Brittney Griner’s situation has gotten much more serious. Her lawyers said today that she’s in the process of being moved to a penal colony in Russia. If that’s not grim enough news, they also say that they do not know her whereabouts and won’t know where she’s been moved until notified by mail, which could take up to two weeks.
When asked about Griner’s transfer in a press conference late Wednesday afternoon about the results of the midterm elections, President Biden said, “I am determined to get her home and get her home safely,” he told the White House press corp. “Her and others.”
Per multiple reports, Griner’s lawyers say the transfer began last Friday. Griner was arrested at Moscow’s Sheremetyevo Airport in February for carrying vape cartridges with trace amounts of cannabis oil in her luggage. She was returning to Russia to play for the UMMC Ekaterinburg team, who she led to two Russian championships. The Phoenix Mercury forward, 32, is also a WNBA and two-time Olympic champion.
Griner pled guilty to the offense in July, saying she’d accidentally packed the cartridges. It’s widely believed that given Russia’s 97% conviction rate, Griner’s lawyers advised her to do so hoping for leniency.
Unfortunately, none was given. Griner was convicted in August and sentenced to nine years. An October appeal upheld the conviction. Though the U.S. has offered a prisoner swap with convicted arms dealer Viktor Bout, serving out a 25-year-sentence in the United States, they say Russia’s counteroffer was untenable, though no details were released about it.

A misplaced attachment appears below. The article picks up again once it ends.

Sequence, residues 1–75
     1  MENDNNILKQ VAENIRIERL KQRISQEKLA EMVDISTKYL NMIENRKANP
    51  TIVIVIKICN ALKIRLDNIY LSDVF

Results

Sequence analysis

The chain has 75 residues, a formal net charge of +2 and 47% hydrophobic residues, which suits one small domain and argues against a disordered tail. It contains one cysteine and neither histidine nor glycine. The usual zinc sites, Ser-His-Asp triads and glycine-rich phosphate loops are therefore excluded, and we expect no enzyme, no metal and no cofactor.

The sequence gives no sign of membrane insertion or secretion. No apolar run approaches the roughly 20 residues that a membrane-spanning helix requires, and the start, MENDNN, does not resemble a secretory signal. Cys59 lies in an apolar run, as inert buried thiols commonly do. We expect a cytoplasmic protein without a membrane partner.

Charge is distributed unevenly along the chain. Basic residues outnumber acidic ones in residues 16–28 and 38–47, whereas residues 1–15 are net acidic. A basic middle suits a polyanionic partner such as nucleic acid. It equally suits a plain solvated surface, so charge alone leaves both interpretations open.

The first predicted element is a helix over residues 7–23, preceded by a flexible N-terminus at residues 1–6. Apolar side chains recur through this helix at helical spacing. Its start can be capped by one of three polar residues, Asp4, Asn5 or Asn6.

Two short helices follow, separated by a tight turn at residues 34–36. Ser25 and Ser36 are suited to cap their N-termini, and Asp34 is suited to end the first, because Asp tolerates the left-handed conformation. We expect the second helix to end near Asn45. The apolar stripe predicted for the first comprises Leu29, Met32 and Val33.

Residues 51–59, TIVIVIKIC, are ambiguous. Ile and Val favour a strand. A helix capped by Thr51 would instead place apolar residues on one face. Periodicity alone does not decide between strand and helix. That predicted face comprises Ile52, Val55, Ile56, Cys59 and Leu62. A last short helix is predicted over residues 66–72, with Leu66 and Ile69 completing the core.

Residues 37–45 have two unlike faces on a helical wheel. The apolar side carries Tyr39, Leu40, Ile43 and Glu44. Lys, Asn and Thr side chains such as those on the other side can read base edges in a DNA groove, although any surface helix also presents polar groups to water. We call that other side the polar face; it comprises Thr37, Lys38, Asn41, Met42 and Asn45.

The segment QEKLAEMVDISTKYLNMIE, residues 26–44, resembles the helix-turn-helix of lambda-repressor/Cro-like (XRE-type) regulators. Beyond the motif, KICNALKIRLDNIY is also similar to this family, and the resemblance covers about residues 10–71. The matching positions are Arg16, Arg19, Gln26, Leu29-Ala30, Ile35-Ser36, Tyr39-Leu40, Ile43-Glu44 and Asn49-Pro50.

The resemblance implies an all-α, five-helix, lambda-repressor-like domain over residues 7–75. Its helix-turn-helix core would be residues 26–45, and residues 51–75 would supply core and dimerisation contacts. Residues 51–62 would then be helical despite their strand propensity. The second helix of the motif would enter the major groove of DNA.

“We strongly protest the movement of Brittney Griner to a remote penal colony and the Russian government’s use of wrongful detentions,” Secretary of State Antony Blinken said in a statement. “I am committed to bringing home Brittney Griner and Paul Whelan as soon as possible.”
Conditions in Russian penal colonies are notoriously poor. Russian dissident Aleksei A. Navalny, currently imprisoned in Russia told the New York Times last year, “You need to imagine something like a Chinese labor camp, where everybody marches in a line and where video cameras are hung everywhere,” he said. “There is constant control and a culture of snitching.”
Griner and her lawyers believed it would take months for Griner to be transferred, as is usually the case. This comes after Griner met with US officials last week, who said she was doing “as well as could be expected under the circumstances.”
The WNBA Players Association tweeted out a statement as well.
“We stand with Brittney Griner and will continue to call on all Americans and the global sports community to do the same with even more vigilance. We are crushed that this scary, seemingly never-ending nightmare continues. The lack of clarity and transparency in the process compounds the pain.”
Brittney’s agent Lindsay Kagawa Colas, also released a statement, saying that she is working with both the US government and the Richardson Foundation to work on Griner’s behalf. The foundation, run by former Arizona governor Bill Richardson works to bring US citizens detained overseas home.
“As we work through this very difficult phase of not knowing exactly where B.G. is or how she is doing, we ask for the public’s support in continuing to write letters and express their love and care for her,” Kagawa Colas said.